We’re you at FOB 1 on Oct. 5, 1968?
Did you talk to the NVA general who ambushed the team? The 9000 isn’t squishy, it came from NVA.
Olin Anderson says
By October we must have been in Mai Loc (if I remember name) near Quang Tri. That’s where we first moved after Khe Sanh. Somewhere around there we got moved again, this time to Phu Bai. As for the 9000 number, I remain skeptical despite the source, but who knows? Good numbers were hard to get in those days.
Bác sĩ mắt xanh says
Accurate information is so vital at times,most times,,I salute you for your stand..
I read an article that the north vietnamese had electronic smell sensors setup in the jungle…yes I really read that lol…
Kevin Biermann says
Hey , I am trying to get the word out to former SOG members that PA PA RON has passed. I do not know the time of his service or what unit he was attached to but thought you being a former member might have crossed paths with him. Also knowing that all of you were a tight bunch I thought the word would spread with this note. If you knew PA PA RON could you send me a thumbs up or maybe spread the word of this untimley departure, fucking covid!, Blessings to you Sir,Kevin
D Craig says
Concerning your comment about the serial number’s on weapons, yes they were serial numbered, but where the confusion over that comes from that leads some people to believe that they weren’t and assume it was for covert reasons are from experimental M16 (usually the CAR15 variant) weapons known as “tool room samples”, these would be development weapons like say the first CAR15’s made that were pre production weapons that would be sent over and given to SF operators to try out and see how they liked them, being one off tool room produced weapons and not coming off the regular production line they weren’t assigned serial number’s, obviously people who would hear from someone who had one in country about them not having serial number’s would assume it was for covert reasons and that’s most likely how that myth got started.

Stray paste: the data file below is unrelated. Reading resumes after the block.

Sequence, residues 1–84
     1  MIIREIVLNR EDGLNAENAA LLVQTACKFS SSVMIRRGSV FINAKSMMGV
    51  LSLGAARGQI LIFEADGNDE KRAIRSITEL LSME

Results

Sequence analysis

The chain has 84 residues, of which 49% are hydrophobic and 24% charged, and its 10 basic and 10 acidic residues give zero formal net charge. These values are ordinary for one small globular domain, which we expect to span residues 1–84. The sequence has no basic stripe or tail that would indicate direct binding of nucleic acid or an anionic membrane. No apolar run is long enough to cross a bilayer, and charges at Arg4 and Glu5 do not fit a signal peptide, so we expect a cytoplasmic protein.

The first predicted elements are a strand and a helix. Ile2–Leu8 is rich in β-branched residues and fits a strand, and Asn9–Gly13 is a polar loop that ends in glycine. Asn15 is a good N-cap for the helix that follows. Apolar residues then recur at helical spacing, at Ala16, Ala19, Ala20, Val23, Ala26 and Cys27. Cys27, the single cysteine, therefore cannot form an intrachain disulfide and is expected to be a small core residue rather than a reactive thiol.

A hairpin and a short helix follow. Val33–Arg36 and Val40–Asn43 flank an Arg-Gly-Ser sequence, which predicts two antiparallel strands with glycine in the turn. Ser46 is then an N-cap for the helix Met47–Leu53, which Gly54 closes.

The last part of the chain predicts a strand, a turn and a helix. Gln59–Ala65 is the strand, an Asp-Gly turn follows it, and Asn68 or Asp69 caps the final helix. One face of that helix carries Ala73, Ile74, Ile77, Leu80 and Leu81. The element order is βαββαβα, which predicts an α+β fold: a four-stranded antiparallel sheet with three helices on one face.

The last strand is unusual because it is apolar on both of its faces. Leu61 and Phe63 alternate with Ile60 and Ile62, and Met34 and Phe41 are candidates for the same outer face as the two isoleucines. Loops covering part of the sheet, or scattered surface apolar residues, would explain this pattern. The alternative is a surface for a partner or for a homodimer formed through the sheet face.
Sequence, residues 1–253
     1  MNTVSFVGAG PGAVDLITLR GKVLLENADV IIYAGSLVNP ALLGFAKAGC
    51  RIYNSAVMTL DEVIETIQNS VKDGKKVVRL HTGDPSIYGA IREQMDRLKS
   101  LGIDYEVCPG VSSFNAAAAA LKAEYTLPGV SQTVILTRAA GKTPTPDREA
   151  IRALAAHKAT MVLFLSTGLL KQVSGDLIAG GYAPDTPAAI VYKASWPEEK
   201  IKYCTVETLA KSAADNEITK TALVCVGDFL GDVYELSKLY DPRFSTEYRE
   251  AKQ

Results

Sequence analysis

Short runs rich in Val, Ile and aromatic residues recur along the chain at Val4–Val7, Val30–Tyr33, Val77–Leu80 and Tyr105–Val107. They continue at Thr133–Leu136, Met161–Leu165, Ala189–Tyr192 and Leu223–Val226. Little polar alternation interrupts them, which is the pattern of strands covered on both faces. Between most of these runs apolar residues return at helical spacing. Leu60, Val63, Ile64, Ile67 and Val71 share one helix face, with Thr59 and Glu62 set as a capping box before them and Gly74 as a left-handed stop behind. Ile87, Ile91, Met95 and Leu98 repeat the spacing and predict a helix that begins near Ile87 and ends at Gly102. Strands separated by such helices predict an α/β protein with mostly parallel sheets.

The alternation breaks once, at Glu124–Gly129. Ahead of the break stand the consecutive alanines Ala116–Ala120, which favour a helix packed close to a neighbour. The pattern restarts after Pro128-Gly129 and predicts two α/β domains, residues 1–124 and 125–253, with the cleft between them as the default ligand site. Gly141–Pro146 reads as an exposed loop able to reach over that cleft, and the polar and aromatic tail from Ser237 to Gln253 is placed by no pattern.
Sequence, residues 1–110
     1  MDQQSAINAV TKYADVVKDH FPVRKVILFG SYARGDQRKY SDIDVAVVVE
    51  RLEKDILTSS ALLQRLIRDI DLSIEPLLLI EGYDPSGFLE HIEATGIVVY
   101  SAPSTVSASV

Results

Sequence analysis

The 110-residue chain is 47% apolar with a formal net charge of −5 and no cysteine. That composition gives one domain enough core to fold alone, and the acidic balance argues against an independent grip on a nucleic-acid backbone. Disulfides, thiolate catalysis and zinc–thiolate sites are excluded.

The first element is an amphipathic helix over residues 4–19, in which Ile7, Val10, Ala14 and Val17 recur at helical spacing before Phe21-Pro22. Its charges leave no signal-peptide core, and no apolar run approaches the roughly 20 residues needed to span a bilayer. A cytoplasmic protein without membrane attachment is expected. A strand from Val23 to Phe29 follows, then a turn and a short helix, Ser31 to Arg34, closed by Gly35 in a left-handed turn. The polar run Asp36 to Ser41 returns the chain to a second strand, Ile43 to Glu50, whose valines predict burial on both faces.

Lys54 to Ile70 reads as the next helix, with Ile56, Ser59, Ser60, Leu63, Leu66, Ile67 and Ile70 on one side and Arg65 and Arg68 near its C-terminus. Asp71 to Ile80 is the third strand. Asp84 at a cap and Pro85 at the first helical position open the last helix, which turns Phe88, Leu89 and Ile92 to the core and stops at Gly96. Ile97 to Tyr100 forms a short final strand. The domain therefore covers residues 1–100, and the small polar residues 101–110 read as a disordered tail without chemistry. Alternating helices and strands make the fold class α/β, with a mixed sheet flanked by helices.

Andy Garland says
Great arrival, any info on team habu? Thank you
There’s no mention of 75th Rangers, I took part in many missions, Laos, Cambodia all over in 1969, 1970 and 1971, actually Green Berets left Vietnam in 1970
Lendel Dukes says
The 5th returned to Bragg in March of 71.
Judy Larsen says
5th Special Forces…did you know Lewis “Rock” Arnold ?? He took over “Mad Dog Schrivers team…
Kathy THomas says
Does she mean Jerry Shriver?
D Craig says